SCS Faculty Candidate

Talks
Post-doctoral Research Fellow
Language Technologies Institute
Carnegie Mellon University
Recent Advances in Statistical Dialog Modeling
Wednesday, April 2, 2014 - 10:00am
6115 
Gates&Hillman Centers
Abstract:

With the recent remarkable growth of speech-enabled applications, statistical dialog modeling has become a critical component not only for typical telephone-based spo-ken dialog systems but also for multi-modal dialog systems on mobile devices and in automobiles. Due to present Automatic Speech Recognition and Spoken Language Understanding uncertainty, it is crucial to accurately track dialog states by updating the probability distribution over possible dialog states as a dialog unfolds. I will intro-duce some of the recent advances to make dialog state tracking to be more robust to common errors generated by live users that have been shown to be very effective by largely outperforming previous state-of-the-art systems in the Dialog State Tracking Challenge. Given the significant size of dialog state space, it is almost impossible to design effective dialog strategies by hand. It is therefore desirable to have a machine automatically optimize the dialog strategies. Most policy learning algorithms, however, require a significant number of training dialogs, which can prove to be costly and time-consuming for real users. Thus I present two different ways to address this problem. First I will describe a rapid reinforcement learning method based on sparse Bayesian regression which removes the preprocessing steps for hyper-parameter learn-ing, thus achieving fully online policy learning. Second I describe an unsupervised method to automatically build a simulated user from system's log files, which can be crucial for a deployed system furnishing a stream of live data.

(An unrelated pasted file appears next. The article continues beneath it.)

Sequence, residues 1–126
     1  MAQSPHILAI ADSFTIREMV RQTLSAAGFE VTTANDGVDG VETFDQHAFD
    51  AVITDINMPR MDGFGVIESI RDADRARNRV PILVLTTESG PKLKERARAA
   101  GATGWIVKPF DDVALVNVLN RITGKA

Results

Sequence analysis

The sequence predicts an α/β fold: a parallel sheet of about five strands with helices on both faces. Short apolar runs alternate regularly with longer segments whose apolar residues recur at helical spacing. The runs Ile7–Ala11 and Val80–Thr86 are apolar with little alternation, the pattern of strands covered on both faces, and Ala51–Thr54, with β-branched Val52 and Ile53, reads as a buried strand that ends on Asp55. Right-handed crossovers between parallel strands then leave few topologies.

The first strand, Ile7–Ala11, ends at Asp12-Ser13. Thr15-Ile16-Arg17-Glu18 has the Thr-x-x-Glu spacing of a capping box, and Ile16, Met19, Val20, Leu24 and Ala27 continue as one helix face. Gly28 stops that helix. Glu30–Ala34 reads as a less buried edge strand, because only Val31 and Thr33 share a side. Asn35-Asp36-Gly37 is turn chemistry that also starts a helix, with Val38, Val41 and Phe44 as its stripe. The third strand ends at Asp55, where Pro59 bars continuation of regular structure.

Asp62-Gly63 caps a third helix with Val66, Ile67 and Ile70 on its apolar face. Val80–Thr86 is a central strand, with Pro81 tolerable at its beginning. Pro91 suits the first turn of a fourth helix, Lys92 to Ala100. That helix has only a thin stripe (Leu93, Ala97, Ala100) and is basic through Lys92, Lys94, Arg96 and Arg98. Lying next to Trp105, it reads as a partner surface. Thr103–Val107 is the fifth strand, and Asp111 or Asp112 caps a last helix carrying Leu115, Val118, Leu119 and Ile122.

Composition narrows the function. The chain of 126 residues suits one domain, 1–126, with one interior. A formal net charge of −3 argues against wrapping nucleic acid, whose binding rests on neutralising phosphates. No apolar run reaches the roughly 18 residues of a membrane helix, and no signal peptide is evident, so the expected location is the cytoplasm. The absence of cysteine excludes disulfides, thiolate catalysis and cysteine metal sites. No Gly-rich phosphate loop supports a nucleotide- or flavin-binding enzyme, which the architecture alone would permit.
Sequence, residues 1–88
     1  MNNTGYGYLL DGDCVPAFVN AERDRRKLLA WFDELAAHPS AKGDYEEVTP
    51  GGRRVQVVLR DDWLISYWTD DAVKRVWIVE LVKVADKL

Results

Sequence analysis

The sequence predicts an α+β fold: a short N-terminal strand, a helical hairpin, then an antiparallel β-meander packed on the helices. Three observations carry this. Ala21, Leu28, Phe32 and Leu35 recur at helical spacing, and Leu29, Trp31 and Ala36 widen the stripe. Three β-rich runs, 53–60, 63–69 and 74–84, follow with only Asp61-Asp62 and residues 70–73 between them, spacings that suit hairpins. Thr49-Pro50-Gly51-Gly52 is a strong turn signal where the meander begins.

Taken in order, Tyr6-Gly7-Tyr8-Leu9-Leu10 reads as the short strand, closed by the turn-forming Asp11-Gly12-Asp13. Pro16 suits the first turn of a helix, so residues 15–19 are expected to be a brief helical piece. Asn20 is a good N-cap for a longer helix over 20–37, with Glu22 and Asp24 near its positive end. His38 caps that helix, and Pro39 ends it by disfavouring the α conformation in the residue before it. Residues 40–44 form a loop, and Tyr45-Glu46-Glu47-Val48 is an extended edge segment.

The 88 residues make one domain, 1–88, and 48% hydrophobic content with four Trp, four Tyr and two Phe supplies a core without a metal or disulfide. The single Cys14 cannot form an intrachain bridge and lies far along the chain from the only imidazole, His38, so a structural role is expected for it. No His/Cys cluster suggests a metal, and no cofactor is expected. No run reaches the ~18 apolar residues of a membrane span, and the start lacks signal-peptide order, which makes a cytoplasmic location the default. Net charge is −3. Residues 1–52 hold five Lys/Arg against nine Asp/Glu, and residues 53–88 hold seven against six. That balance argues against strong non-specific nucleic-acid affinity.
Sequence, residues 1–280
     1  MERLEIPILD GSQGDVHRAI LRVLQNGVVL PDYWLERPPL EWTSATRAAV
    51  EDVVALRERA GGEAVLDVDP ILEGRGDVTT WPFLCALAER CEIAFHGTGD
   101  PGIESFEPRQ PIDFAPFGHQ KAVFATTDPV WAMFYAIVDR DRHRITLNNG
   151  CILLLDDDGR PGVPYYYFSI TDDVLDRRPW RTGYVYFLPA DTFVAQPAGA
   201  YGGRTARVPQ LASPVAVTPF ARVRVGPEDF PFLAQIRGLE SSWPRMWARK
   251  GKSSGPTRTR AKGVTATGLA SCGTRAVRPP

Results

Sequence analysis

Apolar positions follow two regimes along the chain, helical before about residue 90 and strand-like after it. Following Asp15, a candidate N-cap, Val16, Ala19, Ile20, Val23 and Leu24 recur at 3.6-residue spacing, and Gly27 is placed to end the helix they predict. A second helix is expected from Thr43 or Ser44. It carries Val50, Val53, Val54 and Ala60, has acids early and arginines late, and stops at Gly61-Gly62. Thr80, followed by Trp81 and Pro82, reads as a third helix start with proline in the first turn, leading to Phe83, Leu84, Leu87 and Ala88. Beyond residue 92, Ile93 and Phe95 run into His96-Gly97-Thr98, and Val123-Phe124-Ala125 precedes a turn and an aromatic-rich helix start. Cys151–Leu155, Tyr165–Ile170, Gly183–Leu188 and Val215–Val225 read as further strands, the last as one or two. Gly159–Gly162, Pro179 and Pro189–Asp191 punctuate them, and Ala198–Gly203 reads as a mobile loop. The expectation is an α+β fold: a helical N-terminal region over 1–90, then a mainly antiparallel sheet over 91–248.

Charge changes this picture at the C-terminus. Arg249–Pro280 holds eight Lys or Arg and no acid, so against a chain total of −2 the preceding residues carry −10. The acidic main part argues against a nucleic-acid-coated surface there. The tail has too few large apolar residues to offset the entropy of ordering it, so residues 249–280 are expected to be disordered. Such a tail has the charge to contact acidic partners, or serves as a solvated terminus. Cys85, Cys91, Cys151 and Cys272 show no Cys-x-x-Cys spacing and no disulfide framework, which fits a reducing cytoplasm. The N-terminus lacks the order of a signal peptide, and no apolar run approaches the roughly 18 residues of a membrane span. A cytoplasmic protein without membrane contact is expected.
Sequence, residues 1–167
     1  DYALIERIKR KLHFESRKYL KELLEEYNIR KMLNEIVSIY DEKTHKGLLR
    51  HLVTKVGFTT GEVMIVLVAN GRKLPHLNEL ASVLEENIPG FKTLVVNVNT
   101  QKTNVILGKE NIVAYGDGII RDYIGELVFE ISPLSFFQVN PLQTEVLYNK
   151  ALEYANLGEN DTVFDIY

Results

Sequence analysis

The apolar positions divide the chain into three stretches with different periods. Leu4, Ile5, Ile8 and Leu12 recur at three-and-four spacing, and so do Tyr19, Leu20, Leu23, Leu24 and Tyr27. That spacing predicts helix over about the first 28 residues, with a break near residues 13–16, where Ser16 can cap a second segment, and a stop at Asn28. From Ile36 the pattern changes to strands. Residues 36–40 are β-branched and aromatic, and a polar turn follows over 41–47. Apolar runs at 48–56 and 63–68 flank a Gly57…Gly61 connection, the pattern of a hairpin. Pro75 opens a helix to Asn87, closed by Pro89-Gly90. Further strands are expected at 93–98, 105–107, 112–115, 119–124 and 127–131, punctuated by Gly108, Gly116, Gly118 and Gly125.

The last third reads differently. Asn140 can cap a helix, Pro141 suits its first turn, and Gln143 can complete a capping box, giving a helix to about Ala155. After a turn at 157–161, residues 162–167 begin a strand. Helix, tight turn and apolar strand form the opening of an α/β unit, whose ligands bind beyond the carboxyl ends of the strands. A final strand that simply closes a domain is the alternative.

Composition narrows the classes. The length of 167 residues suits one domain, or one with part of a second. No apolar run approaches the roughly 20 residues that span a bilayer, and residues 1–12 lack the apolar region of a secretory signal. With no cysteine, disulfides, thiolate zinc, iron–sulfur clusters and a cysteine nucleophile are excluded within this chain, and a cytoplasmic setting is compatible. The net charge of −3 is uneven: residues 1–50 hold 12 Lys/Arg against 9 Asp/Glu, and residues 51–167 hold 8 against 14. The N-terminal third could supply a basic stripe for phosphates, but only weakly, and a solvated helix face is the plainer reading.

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Dr. Sungjin Lee is a Post-doctoral research fellow in Language Technologies Institute at Carnegie Mellon University. He received his PhD from the Pohang University of Science and Technology in 2012. His research interests lie in various areas of speech and language processing as well as machine learning. He is primarily working on statistical dialog modeling which includes structured discriminative models for dialog state tracking, sparse Bayesian models for online dialog strategy learning and unsupervised methods for user simulation. He is also interested in applying spoken language technologies to computer-assisted language learning settings. He serves on the advisory boards of Dialog State Tracking Challenge and Real Challenge. He is a member of Program Committee of many prestigious conferences.

Faculty Host: Maxine Eskenazi

Keywords:
For More Information, Please Contact:

khibner [atsymbol] andrew.cmu.edu